During its teenage years, the human body permanently shuts down production of T cells--a crucial immune defender against infection--like a country shutting down an ammunition factory during a war. Although the T cells created in childhood continue to work, their numbers decline. Now researchers may have found a way to get an alternate T-cell assembly line cranked up in adulthood, says a report in tomorrow's issue of Nature.
Most people create enough T cells during childhood to last a lifetime. But HIV and cancer radiation treatments can reduce the size of the body's precious T-cell inventory, crippling the immune system. "If you can boost the number of T cells, you can extend these people's lives," says Christopher Clegg, an immunologist at Bristol-Myers Squibb Pharmaceuticals in Seattle.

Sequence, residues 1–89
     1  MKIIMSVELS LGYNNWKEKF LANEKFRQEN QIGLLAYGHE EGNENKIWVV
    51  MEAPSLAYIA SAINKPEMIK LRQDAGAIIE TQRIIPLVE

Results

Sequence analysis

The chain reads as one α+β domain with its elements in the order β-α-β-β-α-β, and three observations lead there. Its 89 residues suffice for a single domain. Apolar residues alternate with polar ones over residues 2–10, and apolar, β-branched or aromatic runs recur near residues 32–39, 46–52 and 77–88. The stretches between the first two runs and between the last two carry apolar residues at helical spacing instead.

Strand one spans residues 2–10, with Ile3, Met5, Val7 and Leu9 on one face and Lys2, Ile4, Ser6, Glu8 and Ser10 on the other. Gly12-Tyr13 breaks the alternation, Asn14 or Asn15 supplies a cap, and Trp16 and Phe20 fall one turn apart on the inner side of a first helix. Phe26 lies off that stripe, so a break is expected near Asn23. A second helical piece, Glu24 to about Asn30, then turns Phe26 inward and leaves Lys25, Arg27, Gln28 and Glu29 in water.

Clegg's team may have stumbled upon a way to do just that. In one experiment, they introduced into normal mice a cow gene that codes for oncostatin M, a protein involved in T-cell production. To their surprise, several weeks later they found that the mouse lymph nodes--which normally only store mature T cells--held what appeared to be immature T cells usually seen only in the thymus. The researchers also showed that these lymph-node cells matured into T cells that successfully fended off tumors implanted in the mice.
Experts are greeting the report with cautious enthusiasm. The data showing production of immature T cells are "very convincing," says Jonathan Sprent, an immunologist at Scripps Research Institution in La Jolla, California. But, he says, "the evidence that they differentiate into mature T cells is not as clear."